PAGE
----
Agujas

The Art of Knitting

Tag: felting

A Day at the Fiber Festival

My very first spinning lesson was at the Kid’N Ewe And Lamas Too fiber festival a couple of years ago. This past weekend, I revisited this annual festival which is spread out over three large barns at the Kendall County Fairgrounds. There was weaving, spinning, felting, knitting and crocheting everywhere!

I spent hours swooning over fibers from animal and plant sources including camel, yak, buffalo, sheep, goat and silkworm as well as hemp, bamboo, and cotton. Many were hand dyed in stunning colors like these wool batts …

Gorgeous merino, bamboo, and angelina batts from Yorkieslave Artworks. (www.orkieslave.etsy.com)

Gorgeous merino, bamboo, and angelina batts from Yorkieslave Artworks. (www.yorkieslave.etsy.com)

Luscious browns and golds from Yorkieslave Artworks. (www.orkieslave.etsy.com)

Luscious browns and golds from Yorkieslave Artworks. (www.yorkieslave.etsy.com)

Glistening waves in a deep blue sea from Yorkieslave Artworks. (www.orkieslave.etsy.com)

Glistening waves in a deep blue sea from Yorkieslave Artworks. (www.yorkieslave.etsy.com)

… and this hemp fiber in deep tones.

Hand-dyed natural plant fibers from the Fiber Lady. (www.fiberlady.com)

Hand-dyed natural plant fibers from the Fiber Lady. (www.fiberlady.com)

There were countless hand crafted tools throughout including this lovely assortment of spindles and shuttles.

These wooden spindles are from Yarnorama (I think). I didn't pick up a business card. (www.yarnorama.com)

These wooden spindles are from Yarnorama (I think). I didn’t pick up a business card. (www.yarnorama.com)

Turkish and top whorl drop spindles from Heritage Arts. (www.heritageartstexas.com)

Turkish and top whorl drop spindles from Heritage Arts. (www.heritageartstexas.com)

Unique hand painted wooded spindles from Yorkieslave Artworks. (www.orkieslave.etsy.com)

Unique hand painted wooded spindles from Yorkieslave Artworks. (www.yorkieslave.etsy.com)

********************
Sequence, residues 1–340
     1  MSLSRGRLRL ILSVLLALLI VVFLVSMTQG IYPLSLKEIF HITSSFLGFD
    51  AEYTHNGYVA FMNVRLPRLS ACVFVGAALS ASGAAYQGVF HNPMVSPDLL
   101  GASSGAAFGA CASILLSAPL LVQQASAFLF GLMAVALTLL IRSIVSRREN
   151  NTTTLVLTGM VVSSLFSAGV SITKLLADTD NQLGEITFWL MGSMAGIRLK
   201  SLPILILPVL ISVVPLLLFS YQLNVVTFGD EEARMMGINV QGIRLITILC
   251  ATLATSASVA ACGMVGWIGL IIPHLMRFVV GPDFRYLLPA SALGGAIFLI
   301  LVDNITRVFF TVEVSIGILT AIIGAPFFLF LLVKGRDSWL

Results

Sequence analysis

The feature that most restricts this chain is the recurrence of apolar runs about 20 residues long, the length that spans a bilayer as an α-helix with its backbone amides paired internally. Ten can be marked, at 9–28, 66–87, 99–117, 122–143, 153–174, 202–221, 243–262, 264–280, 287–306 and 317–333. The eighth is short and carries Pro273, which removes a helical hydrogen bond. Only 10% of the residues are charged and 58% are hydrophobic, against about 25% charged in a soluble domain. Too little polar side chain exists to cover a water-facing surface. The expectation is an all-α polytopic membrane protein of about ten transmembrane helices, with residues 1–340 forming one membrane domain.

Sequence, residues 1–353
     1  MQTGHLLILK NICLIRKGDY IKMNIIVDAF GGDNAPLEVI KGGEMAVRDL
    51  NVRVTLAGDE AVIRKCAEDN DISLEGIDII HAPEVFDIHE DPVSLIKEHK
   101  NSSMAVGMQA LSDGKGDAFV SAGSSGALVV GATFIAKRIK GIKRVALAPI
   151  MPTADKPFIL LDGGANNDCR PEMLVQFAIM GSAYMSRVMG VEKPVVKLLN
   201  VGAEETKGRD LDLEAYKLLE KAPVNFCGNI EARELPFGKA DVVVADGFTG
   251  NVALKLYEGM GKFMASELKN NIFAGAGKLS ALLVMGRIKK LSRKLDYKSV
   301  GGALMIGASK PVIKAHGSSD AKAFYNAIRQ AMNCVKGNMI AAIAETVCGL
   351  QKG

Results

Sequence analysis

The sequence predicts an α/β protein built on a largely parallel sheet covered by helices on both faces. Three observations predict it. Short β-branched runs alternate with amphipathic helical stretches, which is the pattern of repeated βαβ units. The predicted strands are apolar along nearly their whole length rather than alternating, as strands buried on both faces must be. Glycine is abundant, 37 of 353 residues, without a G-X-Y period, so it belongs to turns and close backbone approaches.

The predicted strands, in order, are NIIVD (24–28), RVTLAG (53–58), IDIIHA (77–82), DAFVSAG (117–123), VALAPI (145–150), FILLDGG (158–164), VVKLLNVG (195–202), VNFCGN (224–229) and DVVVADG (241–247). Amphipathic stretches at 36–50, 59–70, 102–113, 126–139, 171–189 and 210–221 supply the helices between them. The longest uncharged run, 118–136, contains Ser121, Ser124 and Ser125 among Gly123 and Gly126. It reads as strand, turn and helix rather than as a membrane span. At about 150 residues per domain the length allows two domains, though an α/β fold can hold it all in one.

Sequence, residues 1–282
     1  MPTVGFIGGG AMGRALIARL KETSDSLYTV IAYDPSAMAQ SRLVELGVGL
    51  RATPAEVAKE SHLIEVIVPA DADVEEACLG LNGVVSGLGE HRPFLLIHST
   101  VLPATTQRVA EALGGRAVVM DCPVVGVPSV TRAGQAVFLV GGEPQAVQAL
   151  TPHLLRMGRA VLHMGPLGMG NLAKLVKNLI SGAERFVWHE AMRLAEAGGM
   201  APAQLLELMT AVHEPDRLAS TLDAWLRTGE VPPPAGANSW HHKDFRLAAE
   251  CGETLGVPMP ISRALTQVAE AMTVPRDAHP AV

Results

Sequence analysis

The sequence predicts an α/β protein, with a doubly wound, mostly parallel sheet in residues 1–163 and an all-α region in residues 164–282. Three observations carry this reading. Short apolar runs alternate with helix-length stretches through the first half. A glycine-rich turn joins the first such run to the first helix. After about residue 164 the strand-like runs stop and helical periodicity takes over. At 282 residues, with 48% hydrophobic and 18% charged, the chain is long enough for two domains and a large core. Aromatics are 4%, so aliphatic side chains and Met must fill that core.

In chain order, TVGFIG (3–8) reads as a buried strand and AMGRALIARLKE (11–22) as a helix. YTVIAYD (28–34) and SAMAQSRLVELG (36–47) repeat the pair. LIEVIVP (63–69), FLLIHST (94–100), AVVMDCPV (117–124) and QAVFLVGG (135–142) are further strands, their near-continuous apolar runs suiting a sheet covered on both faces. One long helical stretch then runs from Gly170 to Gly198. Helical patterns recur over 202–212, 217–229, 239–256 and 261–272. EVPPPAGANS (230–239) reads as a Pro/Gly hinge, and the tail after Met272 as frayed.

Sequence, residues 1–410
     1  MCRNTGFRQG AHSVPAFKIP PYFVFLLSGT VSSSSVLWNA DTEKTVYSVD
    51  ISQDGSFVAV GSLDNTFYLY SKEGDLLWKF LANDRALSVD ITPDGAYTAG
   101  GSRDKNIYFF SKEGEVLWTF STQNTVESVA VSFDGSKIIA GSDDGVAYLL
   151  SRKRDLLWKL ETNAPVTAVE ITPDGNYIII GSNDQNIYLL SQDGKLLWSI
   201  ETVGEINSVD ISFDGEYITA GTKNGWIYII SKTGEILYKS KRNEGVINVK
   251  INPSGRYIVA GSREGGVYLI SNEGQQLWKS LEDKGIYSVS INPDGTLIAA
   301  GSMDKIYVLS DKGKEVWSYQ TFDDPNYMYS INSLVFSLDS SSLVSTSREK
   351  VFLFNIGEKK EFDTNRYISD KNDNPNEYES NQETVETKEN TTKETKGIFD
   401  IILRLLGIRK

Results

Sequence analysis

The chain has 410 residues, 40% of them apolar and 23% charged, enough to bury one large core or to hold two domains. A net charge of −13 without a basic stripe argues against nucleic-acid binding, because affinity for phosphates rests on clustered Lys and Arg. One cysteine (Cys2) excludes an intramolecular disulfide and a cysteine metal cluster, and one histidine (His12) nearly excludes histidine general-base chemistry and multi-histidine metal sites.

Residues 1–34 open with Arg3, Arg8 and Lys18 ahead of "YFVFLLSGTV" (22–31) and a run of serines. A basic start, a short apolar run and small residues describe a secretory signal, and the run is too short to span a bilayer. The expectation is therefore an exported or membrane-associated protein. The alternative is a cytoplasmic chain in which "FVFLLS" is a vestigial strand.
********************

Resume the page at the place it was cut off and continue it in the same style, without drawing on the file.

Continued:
Hand crafted glass and wood spindles from Yorkieslave Artworks. (www.orkieslave.etsy.com)

Hand crafted glass and wood spindles from Yorkieslave Artworks. (www.yorkieslave.etsy.com)

These wooden shuttles are from Yarnorama (I think). I didn't pick up a business card. (www.yarnorama.com)

These wooden shuttles are from Yarnorama (I think). I didn’t pick up a business card. (www.yarnorama.com)

Behind rows of vendor stalls in one of the barns, several teams were in full swing for the Fiber to Fashion demonstrations. Spinners using spindles and wheels were busily turning fiber into yarn. The yarn was fed to the weaver who meticulously wove it on a loom. The goal was to create a finished product – a 20″ x 72″ shawl – in one day.

One of the Fiber to Fashion teams working on their woven shawl.

One of the Fiber to Fashion teams working on their woven shawl.

The team pictured here held a raffle for their shawl. I bought one ticket for $1 but, alas, did not win. I watched them as they were making the fringe and putting the final touches on the shawl. It was absolutely gorgeous.

The air was cool, the sun was out, the animals were adorable, kindred spirits were plentiful, and there were three barns full of fibery goodness – perfect!

A Very Crafty Evening

This is my second year attending the annual Artisan’s Market presented by the Contemporary Handweavers of Houston (CHH). The market runs from September 6 – 8 so if you are near Houston, you still have Saturday to stop by.

I am so glad that I went on their opening night. I did my usual walk around the rooms to look at all the displays. I then picked up a small plastic basket from the front so I could begin collecting the beautiful handwoven textiles, baskets, handmade jewelry, handspun yarn, and felted ornaments that I had singled out. I was too slow. Those ladies are fierce! Several items I had on my mental checklist were gone! Nonetheless, I had a great time looking, touching and taking pictures.

I saw beautiful handwoven textiles.

There were felted bracelets, handmade cards, woven rugs and artwork.

There were felted baskets, silk baskets and other sculptured baskets.

There were ghosts and goblins and catnip wrapped like mice for the upcoming Autumn holidays.

Even Saint Nicolas’ helpers offered their wares for the yuletide season.

Of course, there was yarn.

A huge round of applause to all of the fiber artists who produced these beautiful handmade items. By the crowds and the long line at check out, I am pleased to say that Houstonians truly appreciate the handcrafted arts.

If you want to see more lovely items like these, this is the post I wrote about last year’s event.

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Another find from the quilt festival … wool roving for felting in rich, jewel-toned colors from Attic Heirlooms, Portland, Maine.

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Felted ornaments at the Köln Christmas Markets. Offered by ní-kí.